CHOICE membership

Bunnings 'beat it by 10%' guarantee


#42

Oh Oh. Now the Bunnings sausage sizzle has become an international incident.

Perhaps we need to get the UN involved.


#43

We had some sausage sizzle reviews happening on the Community many moons ago. With all this controversy, perhaps we need to get back in the game :rofl:


#44

So one slip and the world changes.

I wonder why we are still even eating the sausages as slipping is the least of ones concern.

If Bunnings took safety seriously and the welfare of their customers, they possibly should be looking at another food product other than sausages. How about fried tofu instead.

I also expect Bunnings will have new printed serviettes with something like this to protect its customers:

image

My last comment, I wonder if the 10% guarantee includes the sausages or cans of soft drink (the policy is silent on these items) A supermarket sell the soft drink cheaper and our local Scouts had fundraising at the last election of $1 sausages on bread with onion (on top), plus complementary sauces.

I also wonder if the onion at the bottom is to say that others don’t have the same product as their competitors onion is on top, thus nullifying the ‘beat it by 10%’ guarantee.

Food for though.


#45

… future generations will regret we messed with Natural Selection …


#46

Put it on your calendars!


#47

No point in worrying about what the global equities markets are doing whilst the really big issue, the Bunnings sausage sizzle drama, rages on unabated.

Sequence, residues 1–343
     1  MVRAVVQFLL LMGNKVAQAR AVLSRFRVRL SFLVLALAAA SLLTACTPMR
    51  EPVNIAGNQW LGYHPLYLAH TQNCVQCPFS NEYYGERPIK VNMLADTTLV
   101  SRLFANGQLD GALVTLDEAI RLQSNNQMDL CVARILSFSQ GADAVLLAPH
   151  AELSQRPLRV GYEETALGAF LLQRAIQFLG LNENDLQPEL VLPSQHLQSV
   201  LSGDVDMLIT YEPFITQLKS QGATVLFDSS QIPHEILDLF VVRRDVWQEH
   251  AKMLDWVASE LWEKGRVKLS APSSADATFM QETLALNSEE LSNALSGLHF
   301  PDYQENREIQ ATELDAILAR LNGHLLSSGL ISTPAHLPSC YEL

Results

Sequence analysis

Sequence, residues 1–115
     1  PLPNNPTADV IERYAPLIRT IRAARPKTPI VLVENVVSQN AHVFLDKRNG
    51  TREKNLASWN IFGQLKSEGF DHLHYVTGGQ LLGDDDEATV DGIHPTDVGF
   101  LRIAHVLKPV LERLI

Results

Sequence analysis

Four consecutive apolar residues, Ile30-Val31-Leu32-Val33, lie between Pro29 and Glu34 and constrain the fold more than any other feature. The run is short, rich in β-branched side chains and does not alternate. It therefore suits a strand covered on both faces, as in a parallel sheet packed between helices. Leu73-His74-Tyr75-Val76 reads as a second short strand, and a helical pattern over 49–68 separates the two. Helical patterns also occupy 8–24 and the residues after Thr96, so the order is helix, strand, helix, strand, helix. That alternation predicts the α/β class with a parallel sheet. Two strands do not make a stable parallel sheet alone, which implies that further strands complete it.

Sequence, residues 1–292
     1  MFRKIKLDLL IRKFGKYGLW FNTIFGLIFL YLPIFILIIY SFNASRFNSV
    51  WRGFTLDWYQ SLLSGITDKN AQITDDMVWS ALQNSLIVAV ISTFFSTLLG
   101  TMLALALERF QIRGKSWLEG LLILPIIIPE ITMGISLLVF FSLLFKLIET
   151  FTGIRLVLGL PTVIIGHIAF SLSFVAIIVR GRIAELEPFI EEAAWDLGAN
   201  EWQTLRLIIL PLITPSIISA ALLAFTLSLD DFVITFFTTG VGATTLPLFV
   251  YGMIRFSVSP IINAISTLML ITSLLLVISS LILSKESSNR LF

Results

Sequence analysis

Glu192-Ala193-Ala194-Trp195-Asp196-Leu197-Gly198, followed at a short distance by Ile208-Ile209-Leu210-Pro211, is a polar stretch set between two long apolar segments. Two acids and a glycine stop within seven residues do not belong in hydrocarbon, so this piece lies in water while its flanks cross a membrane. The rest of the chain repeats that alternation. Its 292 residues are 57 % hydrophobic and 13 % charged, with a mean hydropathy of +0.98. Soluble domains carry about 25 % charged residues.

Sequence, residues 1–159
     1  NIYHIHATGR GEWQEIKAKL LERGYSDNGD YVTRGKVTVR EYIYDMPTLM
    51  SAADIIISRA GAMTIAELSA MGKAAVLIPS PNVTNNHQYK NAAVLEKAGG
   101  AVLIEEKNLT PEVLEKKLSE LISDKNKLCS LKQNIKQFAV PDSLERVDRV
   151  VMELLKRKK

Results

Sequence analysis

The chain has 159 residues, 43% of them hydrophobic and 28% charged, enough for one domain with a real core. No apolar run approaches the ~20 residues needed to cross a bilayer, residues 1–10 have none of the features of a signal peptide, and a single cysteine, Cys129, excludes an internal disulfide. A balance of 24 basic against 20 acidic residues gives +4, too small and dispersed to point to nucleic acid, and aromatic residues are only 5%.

#48

Once there were ‘bread and circuses’ but animal rights protestors demonstrated against persecution of the lions, the Christians started a boycott of all circus-related products because they weren’t adequately consulted, the gladiators union walked out over OH&S issues (something about cheap plastic armour) and the food police demanded gluten free bread be made available at separate stalls.

So instead now we have the Bunnings protest to amuse the masses. Give me strength.


#49

That would be with onions on the bottom?

(BTW, my post was in jest, but not at all obviously so. Amazing how the media or anyone can make this an issue.)


#50

Is it true that the big players, like Bunnings, have their own Model Number allocated to them for a particular common item(say, a cordless drill) by the manufacturer, and therefore you will not find a similar product anywhere else?..if so, they will not have to price-match.


#51

In one word, yes, and it has been so for many years, actually decades in some industries and not always limited to the big players.

Sometimes a manufacturer will make the same product with a few different part numbers and a smaller player can pick whichever part number they want to minimise ‘competition’. In some jurisdictions the suppliers will also agree not to sell the same part number to another shop within a certain radius to make it an exclusive.

Some shops such as Bunnings also have exclusive brands so they don’t even need to always resort to part numbers all the time. A double defence of their ‘price management.’


#52

It is a bit like the mattress industry which produces a limited number of models, but sell the same mattress to different retailers with different names.


#53

After explaining to someone that Bunnings will beat another’s price because the model number is slightly different for the same product, the Bunnings staff member agreed by saying 'technically this is correct". I took this to mean depending on my mood, I will beat that price!


#54

A sale is a sale, and if the only difference is the model number!

Who do we think got the best price at the factory door? Bunnings most likely because of how many they purchase! :hushed::wink:


#55